While moderate amounts of calcium (around 700 mg a day) are vital for maintaining healthy bones, there is no need to start increasing calcium intake in order to reduce the risk of fractures or osteoporosis in later life, finds a paper published on the British Medical Journal website on May 24.
Osteoporosis is more common in women who have fractured bones when they were younger -- and they experience a similar loss in health-related quality of life as those with arthritis, lung disease, diabetes and other chronic diseases.
Researchers at the Sahlgrenska Academy have identified the genetic variations that are believed to cause osteoporosis. The study, published in Nature Genetics and involving leading researchers from Sweden and the world, shows among other interesting facts that women with a higher proportion of genetic variations associated with osteoporosis have a more than 50 percent increased fracture risk.
Leading study author, Dr Jackie Center says: "While women are initially twice as likely as men to have a fracture, once the first break occurs, the risk of a second substantially increases and the protective effects of being male disappear altogether."
People undergoing bisphosphonate therapy to prevent or treat osteoporosis (a thinning of the bones) may be unfamiliar with the drug and possible adverse side effects on oral health, according to a study in the May issue of the Journal of the American Dental Association (JADA).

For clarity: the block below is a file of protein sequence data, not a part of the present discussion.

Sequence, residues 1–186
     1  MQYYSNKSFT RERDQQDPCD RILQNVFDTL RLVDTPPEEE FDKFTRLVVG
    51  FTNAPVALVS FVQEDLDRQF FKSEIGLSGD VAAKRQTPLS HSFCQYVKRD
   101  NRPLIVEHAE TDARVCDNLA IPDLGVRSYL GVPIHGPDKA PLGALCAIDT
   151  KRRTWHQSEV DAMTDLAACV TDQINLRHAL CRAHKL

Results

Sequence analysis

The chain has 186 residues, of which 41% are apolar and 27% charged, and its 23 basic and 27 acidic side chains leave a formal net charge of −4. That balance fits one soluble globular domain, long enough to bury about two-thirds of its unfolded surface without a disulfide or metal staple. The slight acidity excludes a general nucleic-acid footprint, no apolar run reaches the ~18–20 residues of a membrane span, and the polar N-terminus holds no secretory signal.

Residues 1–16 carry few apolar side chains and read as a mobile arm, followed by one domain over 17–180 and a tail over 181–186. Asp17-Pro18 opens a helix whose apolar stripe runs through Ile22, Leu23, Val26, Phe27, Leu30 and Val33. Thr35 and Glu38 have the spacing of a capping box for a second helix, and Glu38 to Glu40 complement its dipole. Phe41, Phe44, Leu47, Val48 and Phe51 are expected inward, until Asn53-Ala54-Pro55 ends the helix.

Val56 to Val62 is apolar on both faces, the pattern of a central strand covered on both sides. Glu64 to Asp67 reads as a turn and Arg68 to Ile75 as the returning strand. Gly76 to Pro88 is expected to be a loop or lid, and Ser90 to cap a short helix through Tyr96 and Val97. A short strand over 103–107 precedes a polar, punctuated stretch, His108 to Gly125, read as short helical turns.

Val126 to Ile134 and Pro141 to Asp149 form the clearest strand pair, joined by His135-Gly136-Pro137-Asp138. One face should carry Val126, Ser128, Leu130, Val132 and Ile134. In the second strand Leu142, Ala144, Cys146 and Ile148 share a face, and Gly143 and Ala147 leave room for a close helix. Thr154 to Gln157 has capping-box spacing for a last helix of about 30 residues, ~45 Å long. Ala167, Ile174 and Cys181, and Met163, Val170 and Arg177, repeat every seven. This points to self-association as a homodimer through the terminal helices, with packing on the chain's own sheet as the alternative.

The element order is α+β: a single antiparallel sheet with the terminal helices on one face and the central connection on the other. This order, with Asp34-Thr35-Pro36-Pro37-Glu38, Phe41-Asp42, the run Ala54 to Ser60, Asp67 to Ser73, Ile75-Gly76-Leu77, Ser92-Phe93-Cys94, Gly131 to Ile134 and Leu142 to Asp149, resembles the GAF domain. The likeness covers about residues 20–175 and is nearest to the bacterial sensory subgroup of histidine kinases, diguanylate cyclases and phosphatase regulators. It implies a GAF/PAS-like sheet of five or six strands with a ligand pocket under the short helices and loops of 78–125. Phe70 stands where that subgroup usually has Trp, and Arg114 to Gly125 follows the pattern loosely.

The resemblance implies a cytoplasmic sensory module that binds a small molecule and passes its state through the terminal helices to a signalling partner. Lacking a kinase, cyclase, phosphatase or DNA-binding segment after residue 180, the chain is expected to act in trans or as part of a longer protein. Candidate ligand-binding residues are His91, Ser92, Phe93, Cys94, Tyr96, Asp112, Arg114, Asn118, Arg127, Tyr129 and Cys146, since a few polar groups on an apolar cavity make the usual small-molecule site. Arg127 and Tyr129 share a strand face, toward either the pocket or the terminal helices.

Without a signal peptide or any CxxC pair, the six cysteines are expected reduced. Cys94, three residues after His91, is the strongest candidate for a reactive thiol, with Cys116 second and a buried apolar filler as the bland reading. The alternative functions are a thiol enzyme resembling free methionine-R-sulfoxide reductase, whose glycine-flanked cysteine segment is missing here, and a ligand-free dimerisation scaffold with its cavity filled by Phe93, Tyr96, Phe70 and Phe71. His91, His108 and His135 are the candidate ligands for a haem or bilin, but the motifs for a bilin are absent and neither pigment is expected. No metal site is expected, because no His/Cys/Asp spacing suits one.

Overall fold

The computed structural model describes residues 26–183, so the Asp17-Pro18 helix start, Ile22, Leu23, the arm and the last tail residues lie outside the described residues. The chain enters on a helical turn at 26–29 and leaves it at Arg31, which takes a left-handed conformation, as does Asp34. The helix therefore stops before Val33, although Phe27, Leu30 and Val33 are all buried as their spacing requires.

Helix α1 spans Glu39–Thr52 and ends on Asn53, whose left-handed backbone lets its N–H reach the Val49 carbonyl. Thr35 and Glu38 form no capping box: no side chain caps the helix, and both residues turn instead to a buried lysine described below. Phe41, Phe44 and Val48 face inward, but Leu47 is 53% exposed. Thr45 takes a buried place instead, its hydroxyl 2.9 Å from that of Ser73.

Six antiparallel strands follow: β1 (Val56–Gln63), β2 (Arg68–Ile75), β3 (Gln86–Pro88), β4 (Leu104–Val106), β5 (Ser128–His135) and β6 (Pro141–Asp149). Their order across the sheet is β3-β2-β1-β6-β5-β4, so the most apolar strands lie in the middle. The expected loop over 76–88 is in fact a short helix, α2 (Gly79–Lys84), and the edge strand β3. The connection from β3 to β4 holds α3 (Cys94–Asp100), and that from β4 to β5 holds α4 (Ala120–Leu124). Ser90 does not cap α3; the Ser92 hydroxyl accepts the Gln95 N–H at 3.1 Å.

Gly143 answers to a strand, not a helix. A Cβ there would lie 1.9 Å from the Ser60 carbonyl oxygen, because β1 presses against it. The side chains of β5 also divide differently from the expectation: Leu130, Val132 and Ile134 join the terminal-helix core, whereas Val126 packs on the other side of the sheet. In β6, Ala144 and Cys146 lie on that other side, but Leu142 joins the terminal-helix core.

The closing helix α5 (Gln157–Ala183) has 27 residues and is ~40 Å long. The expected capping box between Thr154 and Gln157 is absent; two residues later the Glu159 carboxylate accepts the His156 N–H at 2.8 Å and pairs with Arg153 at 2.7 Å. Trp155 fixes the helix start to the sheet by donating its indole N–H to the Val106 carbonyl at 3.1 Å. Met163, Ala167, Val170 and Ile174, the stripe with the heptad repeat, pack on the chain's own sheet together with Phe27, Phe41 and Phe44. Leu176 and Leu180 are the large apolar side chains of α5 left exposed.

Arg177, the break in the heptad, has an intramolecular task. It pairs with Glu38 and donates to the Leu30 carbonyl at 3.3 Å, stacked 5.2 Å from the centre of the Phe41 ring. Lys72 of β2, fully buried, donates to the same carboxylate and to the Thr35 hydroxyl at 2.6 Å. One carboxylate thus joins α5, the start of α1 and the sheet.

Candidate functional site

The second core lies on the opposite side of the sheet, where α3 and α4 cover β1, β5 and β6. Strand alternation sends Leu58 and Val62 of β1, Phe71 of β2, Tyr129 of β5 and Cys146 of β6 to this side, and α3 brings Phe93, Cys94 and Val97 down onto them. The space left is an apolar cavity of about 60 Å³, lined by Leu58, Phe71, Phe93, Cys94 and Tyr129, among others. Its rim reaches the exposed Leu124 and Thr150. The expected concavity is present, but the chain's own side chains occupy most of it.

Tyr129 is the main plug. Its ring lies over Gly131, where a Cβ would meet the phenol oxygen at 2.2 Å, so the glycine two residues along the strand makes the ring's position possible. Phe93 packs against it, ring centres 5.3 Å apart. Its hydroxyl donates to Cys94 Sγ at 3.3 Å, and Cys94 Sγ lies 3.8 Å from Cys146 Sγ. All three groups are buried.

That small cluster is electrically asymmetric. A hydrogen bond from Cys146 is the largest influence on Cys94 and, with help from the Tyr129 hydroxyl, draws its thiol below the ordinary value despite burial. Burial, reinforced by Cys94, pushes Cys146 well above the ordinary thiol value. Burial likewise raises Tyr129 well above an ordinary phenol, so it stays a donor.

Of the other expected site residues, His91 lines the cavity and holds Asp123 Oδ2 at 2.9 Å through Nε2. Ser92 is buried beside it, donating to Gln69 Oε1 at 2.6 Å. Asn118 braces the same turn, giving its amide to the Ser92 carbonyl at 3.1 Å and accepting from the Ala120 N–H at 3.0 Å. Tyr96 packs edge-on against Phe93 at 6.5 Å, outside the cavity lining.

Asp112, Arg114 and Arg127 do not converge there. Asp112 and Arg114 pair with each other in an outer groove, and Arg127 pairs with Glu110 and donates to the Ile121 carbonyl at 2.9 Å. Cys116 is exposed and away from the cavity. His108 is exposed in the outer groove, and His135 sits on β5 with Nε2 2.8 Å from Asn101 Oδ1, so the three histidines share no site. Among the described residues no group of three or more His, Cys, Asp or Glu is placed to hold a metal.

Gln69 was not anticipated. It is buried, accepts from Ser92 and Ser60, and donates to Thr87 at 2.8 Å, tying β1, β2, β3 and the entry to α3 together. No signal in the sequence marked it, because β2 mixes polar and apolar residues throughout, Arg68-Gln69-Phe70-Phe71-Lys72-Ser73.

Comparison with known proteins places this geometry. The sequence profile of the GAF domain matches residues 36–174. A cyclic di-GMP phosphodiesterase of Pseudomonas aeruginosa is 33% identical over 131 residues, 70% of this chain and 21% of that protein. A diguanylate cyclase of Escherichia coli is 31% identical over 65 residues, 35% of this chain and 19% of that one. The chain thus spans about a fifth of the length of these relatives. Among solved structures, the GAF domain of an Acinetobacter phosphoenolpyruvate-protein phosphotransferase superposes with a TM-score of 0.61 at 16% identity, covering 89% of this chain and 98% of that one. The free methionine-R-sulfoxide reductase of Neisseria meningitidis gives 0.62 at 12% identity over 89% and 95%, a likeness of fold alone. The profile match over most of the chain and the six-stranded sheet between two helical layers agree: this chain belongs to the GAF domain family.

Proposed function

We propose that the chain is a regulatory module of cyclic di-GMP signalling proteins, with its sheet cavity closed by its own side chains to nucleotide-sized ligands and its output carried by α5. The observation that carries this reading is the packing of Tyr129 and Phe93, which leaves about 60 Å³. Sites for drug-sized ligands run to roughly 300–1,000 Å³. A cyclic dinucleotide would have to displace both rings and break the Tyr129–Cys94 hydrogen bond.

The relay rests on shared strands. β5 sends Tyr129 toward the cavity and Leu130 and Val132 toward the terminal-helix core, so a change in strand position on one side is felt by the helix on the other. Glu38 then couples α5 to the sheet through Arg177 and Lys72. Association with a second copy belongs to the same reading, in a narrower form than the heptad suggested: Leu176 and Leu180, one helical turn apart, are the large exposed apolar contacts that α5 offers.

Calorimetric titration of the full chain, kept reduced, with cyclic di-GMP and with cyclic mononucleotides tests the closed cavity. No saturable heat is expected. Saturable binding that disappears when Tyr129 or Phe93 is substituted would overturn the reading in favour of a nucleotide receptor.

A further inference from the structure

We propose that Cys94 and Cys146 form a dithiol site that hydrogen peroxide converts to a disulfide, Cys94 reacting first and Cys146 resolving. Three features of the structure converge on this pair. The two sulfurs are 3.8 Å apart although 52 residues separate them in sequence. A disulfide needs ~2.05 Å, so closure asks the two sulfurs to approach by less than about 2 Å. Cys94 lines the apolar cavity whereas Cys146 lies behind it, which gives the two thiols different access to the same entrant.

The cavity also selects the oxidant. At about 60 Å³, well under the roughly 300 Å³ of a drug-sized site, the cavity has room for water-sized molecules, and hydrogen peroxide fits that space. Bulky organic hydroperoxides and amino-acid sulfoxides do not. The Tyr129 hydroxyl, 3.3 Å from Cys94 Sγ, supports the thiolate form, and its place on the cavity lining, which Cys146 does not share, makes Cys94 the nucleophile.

Preliminary findings from an upcoming new report by the International Osteoporosis Foundation (IOF) show alarming projections and reveal the poor state of post-fracture care in the Russian Federation and many other countries in the region. The findings were announced at a press conference in St. Petersburg at the IOF Summit of Eastern European and Central Asian Osteoporosis Patient Societies.
Home-based exercises followed by voluntary home training seem to be associated with long-term effects on balance and gait (manner of walking), and may help protect high-risk, elderly women from hip fractures, according to a report in the September 27 issue of Archives of Internal Medicine, one of the JAMA/Archives journals.
An elderly person's risk of falling is too often overlooked when trying to prevent them from getting serious fractures, for instance of the hip or wrist, according to an article published in the British Medical Journal.
Thirty-two previously unidentified genetic regions associated with osteoporosis and fracture have been identified by a large, worldwide consortium of researchers, including Stanford Prevention Research Center chief John Ioannidis, MD, DSc. Variations in the DNA sequences in these regions confer either risk or protection from the bone-weakening disease. Many, but not all, of the regions encode proteins involved in pathways known to involve bone health.
Birth control pills may reduce a woman's bone density, according to a study published online July 13 in The Journal of Clinical Endocrinology and Metabolism by Group Health Research Institute (GHRI) scientists. Impacts on bone were small, depended on the woman's age and the pill's hormone dose, and did not appear until about two years of use. The study size and design allowed the researchers to focus on 14- to 18-year-old teenagers, and to look at how bone density might change when a woman stops using the pill.
Women who take some types of bone-building drugs used to prevent and treat osteoporosis may be at lower risk of breast cancer, according to a study by U.S. researchers published in the British Journal of Cancer.